Hinsdale Central students meet anti-suicide project creator
Hinsdale Central Suicide Prevention Awareness Network Club student members Melissa Mooney (from left), Talia Just and Grayson Ricketts, along with faculty sponsor Erin Fratella, meet with Dan Savage. | Chuck Fieldman~Sun-Times Media
Updated: June 4, 2012 10:44AM
Three students from Hinsdale Central’s Suicide Prevention Awareness Network Club never expected to hand their $300 donation for the It Gets Better Project directly to the man who created it.
But that’s just what happened Sunday when senior Talia Just, junior Grayson Ricketts and freshman Melissa Mooney, along with faculty club sponsors Erin Fratella and Mike McMahon, got to meet Dan Savage prior to his lecture at Elmhurst College.
It Gets Better was created to show young lesbian, gay, bisexual and transgender people the levels of happiness, potential, and positivity their lives will reach — if they can just get through their teen years, according to the project’s website, www.itgetsbetter.org.
Savage, a syndicated columnist and author, created a YouTube video with his partner, Terry Miller, in September 2010, in response to a number of students taking their own lives after being bullied in school.
During a 15-minute meeting, Savage told the Central students learning of the suicide of a gay person provided the spark for action.
“I just couldn’t help but think about how I wish I would have had five minutes to talk to him first,” Savage said.
Savage said he never expected the reactions and responses that resulted.
The It Gets Better Project has inspired more than 40,000 user-created videos that have been viewed more than 40 million times. The project has received submissions from celebrities, organizations, activists, politicians and media personalities.
President Barack Obama, Secretary of State Hillary Clinton, actors Anne Hathaway, Colin Farrell and Matthew Morrison; music stars Joe Jonas, Joel Madden, and Ke$ha, and the staffs of The Gap, Google, Facebook and Pixar, also have created videos.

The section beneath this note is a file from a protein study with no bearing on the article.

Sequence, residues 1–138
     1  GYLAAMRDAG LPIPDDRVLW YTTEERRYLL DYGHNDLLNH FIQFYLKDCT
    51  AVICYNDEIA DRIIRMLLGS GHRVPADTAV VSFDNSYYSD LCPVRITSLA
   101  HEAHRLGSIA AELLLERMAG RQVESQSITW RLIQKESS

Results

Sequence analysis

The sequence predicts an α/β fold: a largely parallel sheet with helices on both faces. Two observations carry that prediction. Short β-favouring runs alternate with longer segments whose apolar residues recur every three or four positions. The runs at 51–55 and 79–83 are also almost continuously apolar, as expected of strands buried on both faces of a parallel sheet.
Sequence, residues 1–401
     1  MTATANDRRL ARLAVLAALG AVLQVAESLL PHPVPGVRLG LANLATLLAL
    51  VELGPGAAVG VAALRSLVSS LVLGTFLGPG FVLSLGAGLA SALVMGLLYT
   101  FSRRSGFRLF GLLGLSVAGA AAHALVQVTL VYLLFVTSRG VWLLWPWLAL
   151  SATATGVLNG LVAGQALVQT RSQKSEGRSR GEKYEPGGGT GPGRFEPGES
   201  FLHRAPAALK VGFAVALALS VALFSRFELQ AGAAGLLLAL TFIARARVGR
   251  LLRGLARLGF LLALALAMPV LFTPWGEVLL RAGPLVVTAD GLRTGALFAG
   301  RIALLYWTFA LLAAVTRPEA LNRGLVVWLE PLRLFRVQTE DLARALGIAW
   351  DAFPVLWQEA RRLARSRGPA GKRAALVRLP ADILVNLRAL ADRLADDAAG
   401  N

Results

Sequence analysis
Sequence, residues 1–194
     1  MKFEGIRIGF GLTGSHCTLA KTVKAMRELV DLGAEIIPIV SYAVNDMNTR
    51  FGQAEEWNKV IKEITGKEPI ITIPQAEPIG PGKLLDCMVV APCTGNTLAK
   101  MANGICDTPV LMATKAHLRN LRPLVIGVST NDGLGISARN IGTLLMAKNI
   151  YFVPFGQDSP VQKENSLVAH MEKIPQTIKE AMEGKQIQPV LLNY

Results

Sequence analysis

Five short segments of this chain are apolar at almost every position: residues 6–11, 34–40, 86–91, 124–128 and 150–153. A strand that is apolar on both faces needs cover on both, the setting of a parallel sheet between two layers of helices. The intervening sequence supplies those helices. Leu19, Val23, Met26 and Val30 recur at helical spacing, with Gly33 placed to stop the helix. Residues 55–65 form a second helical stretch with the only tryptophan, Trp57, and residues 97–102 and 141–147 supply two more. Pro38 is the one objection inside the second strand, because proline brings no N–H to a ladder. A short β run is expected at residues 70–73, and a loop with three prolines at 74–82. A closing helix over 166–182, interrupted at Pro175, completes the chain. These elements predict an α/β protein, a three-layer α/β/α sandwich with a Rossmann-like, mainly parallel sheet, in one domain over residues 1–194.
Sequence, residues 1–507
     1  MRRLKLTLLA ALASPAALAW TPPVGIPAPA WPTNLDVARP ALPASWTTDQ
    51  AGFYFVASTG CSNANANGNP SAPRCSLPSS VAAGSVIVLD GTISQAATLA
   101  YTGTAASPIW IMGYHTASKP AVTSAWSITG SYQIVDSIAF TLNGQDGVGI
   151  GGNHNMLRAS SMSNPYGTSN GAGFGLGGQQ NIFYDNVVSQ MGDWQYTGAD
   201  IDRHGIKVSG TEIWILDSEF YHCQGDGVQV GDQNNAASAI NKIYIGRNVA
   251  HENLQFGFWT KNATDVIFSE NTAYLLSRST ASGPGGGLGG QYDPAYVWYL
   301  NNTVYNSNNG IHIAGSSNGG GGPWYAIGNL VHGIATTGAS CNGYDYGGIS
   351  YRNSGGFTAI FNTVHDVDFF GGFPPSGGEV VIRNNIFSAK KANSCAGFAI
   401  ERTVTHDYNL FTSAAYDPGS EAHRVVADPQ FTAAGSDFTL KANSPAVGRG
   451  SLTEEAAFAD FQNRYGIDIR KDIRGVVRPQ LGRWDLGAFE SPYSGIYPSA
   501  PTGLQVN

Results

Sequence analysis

Savage has been under fire lately for comments he made April 13 at the Journalism Over the Edge/National Scholastic Press Association National High School Journalism Convention in Seattle. He criticized interpretations of the Bible as being anti-Gay, and then made comments at some students who walked out of the speech. Savage has since apologized for the comments.
Members of the Central club said they had not heard of that controversy. While the SPAN club is not focused on the LGBT community, involved students liked the message sent out by The It Gets Better Project.
“We think this message can be universal,” said Just, president of the club. “It’s important for people to realize that no how bad things seem, it won’t last forever. It’s been so taboo to talk about suicide. One of our goals is to make it known that it’s OK to talk about it.”
Fratella said the club has existed at Central for five years.
“The students involved learn about the signs of suicide because we want to prevent it,” she said.
Just said she was very pleased to have the opportunity to meet Savage and give him the money raised via sales of concessions at a teacher-student basketball game and of Jamba Juice to students at Central.
Ricketts said he got involved because his older sister, Jenna, is a former president.
“I thought the club did a lot of good things,” he said.
Mooney’s sister, Emily, is a Central senior who also is involved in SPAN.
“I wanted to get involved, too,” Mooney said. “I don’t like the idea of someone being so sad that they decide to end their life.”